Dept. of Transportation
Metro Transit Division

King Street Center
201 S Jackson St
Seattle, WA 98104
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Automated Vehicle Monitoring

Function description: The Smart Bus demonstration AVM functions installed at Central Base included:

Mobile TA Tools: Installed on a pc in the hostler's shack (vehicle maintenance dispatcher's office), this tool allowed VM staff to obtain a snapshot of several coach conditions as the demo coach returned to the base. Normal conditions were displayed on the screen as green, a temporarily out of tolerance condition was displayed as yellow, and a currently out of tolerance condition was displayed as red.

TA Tools: This tool provided VM staff with next day access to detailed AVM coach data via pre-defined web reports.

Custom data queries: Upon request, the Smart Bus demonstration vendor provided detailed printed data reports based on the Smart Bus demonstration data files.

Discreet Input/Output monitors: Sensors were installed at 24 selected points on the demonstration coaches to monitor for changes in equipment status, e.g. "doors open" or "doors closed." The data from the I/O sensors were not displayed on either version of the generic TA Tools.

Objective 1: Technical Approach

"Bug" test:

On January 12, 2002, Vehicle Maintenance staff created a set of out of tolerance conditions on the out of service demonstration coaches to compare the data reported by the demonstration AVM function with actual observed conditions. VM staff also recorded the observed oil temperature, oil pressure, coolant temperature, and voltage, and compared the observed readings with data reported by the TA Tools web reports. Of particular interest was the performance of the discreet input/output (I/O) sensors installed at the request of Vehicle Maintenance staff as part of the demonstration.

To conduct the test, VM staff disabled:

  • The 35 mph switch on coach 2399, which is a monitored fail safe for the articulation dampening system that prevents trailer sway and jack-knifing at speeds over 30 mph;
  • The radiator fan control switch on coach 9024.

Results:

  • VM staff reported that the data from the AVM web reports matched the observed values for oil temperature, oil pressure, coolant temperature and voltage. Coach data reports provided by the vendor for the 35 mph switch and fan control accurately reported the disabled switches in an "off" state.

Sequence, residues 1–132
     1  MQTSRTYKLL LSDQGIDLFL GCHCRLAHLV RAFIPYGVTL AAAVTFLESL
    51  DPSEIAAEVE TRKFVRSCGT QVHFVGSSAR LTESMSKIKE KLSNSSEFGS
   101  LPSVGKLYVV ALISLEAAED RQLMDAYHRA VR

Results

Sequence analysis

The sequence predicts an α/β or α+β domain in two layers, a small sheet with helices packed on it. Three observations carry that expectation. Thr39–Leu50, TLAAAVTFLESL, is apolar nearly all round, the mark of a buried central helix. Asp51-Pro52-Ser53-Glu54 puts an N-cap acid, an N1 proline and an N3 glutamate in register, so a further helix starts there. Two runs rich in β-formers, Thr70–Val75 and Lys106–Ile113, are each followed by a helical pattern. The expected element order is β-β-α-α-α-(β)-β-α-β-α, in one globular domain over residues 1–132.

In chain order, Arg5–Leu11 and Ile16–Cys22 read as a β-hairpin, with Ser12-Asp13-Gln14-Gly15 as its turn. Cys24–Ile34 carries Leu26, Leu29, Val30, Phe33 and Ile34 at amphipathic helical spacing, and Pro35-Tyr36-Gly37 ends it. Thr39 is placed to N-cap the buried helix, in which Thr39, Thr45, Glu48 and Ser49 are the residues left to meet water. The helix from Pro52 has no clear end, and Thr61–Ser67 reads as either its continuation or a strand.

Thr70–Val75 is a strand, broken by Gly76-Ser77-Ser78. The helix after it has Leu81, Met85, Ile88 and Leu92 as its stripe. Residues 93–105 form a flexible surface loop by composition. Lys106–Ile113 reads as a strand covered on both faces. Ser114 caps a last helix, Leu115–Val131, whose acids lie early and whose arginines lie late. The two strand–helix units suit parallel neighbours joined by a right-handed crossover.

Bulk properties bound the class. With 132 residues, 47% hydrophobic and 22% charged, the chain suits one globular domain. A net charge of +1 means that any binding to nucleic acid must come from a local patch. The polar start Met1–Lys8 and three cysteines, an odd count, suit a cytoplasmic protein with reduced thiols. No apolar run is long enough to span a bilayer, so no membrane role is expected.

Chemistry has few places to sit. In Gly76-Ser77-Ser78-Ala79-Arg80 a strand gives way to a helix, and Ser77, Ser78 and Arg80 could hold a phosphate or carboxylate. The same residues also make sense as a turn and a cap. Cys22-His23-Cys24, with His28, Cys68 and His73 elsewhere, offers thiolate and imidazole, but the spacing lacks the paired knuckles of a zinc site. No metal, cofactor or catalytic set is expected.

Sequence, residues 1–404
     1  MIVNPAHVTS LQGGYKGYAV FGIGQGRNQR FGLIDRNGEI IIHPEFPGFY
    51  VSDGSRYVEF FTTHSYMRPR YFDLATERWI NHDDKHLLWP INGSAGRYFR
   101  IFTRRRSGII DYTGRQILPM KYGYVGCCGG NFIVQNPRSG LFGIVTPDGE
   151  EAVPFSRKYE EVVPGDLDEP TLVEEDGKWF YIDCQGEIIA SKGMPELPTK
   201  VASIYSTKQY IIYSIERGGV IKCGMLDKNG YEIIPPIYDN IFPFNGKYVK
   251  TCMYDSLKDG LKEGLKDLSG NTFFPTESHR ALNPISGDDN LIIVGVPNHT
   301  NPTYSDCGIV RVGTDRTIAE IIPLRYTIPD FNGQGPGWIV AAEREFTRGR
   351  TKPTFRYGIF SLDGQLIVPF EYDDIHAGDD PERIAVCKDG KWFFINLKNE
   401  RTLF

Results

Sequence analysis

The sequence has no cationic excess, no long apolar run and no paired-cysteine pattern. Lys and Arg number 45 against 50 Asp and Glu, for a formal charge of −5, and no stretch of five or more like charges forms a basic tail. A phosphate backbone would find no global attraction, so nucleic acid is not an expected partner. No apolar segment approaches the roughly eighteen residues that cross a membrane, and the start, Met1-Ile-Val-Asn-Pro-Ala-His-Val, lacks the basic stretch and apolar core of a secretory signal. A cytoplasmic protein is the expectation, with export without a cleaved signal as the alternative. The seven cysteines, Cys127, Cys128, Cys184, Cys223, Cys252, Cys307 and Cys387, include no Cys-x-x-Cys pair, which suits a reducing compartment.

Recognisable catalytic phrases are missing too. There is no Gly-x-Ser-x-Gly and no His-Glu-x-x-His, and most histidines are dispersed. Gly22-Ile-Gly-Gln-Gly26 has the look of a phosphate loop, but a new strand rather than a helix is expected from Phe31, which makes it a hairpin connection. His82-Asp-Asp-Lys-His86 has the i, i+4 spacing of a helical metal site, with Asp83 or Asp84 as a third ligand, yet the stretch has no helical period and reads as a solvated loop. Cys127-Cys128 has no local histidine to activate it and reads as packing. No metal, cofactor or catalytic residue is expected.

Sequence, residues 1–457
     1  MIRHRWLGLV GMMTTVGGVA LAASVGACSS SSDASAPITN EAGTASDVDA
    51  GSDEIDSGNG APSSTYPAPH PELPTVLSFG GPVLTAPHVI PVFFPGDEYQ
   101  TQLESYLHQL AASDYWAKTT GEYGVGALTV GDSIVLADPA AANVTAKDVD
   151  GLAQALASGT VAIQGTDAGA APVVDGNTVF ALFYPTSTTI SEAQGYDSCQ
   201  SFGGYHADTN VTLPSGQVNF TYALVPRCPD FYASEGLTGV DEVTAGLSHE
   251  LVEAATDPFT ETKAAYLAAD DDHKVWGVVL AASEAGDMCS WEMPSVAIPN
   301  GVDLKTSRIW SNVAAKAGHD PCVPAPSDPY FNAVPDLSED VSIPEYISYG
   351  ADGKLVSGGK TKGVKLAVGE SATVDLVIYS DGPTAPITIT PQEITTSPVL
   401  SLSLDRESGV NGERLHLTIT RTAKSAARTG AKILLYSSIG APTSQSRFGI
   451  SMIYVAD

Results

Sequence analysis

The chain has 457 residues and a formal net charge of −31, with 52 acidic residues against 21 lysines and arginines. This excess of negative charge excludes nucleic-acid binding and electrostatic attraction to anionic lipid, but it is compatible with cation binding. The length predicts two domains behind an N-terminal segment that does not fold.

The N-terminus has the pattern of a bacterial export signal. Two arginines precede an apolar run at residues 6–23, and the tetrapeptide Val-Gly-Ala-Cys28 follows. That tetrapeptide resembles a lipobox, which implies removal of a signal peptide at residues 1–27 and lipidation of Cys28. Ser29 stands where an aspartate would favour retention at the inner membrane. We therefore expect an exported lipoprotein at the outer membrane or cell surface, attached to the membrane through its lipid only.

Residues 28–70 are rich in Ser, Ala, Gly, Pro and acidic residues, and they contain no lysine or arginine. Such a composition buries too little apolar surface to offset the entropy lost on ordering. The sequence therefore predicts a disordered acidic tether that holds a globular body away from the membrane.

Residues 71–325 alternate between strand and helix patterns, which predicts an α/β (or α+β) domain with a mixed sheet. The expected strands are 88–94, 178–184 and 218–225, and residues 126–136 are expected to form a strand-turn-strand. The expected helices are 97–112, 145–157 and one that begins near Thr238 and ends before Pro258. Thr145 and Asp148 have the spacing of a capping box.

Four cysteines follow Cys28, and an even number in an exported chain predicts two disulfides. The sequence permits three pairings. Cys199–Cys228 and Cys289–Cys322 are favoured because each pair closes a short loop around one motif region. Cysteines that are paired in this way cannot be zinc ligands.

AVM debriefing:

A debriefing session was conducted on February 14, 2002 with Vehicle Maintenance staff involved in the demonstration to summarize Vehicle Maintenance staff experience with the demonstration AVM functions, lessons learned, and suggestions for improvements for system wide implementation. A detailed summary of the debriefing discussion is available in the appendix of this report.

Initial accuracy issues:

According to participants, both Mobile TA Tools and TA Tools displayed some inaccurate data in the first few weeks of the demonstration. These were identified as software data translation errors and were subsequently fixed by the vendor. Once the initial translation errors were fixed, participants considered the AVM data to have good overall accuracy.

Objective 3: Vehicle Maintenance Staff Feedback

Great potential, but user requirements needed:

In general, Vehicle Maintenance staff said they found great potential in the automated vehicle monitoring functions. To be useful to Vehicle Maintenance staff, the type of data collected by the system would need to carefully match staff needs, as well as the way the information is conveyed to VM staff.

Discrete I/O data more valued than J1708:

VM staff considered the demonstration data from discrete input/outputs (I/Os) as more valuable than information from the vehicle's J1708 network, such as oil pressure, which currently can be monitored by gauges or a laptop, and available via the demonstration TA Tools and Mobile TA Tools functions. The desired I/O data generally were available only through the custom data reports, available by special request from the vendor.

Examples of I/O data include: the 30 and 35 mph switches, fan control, rear door, and wheelchair lift cycles. VM staff identified exhaust back pressure and air intake restriction as useful I/O data items for a future AVM system, which would require additional sensors.

TA Tools web reports not user friendly: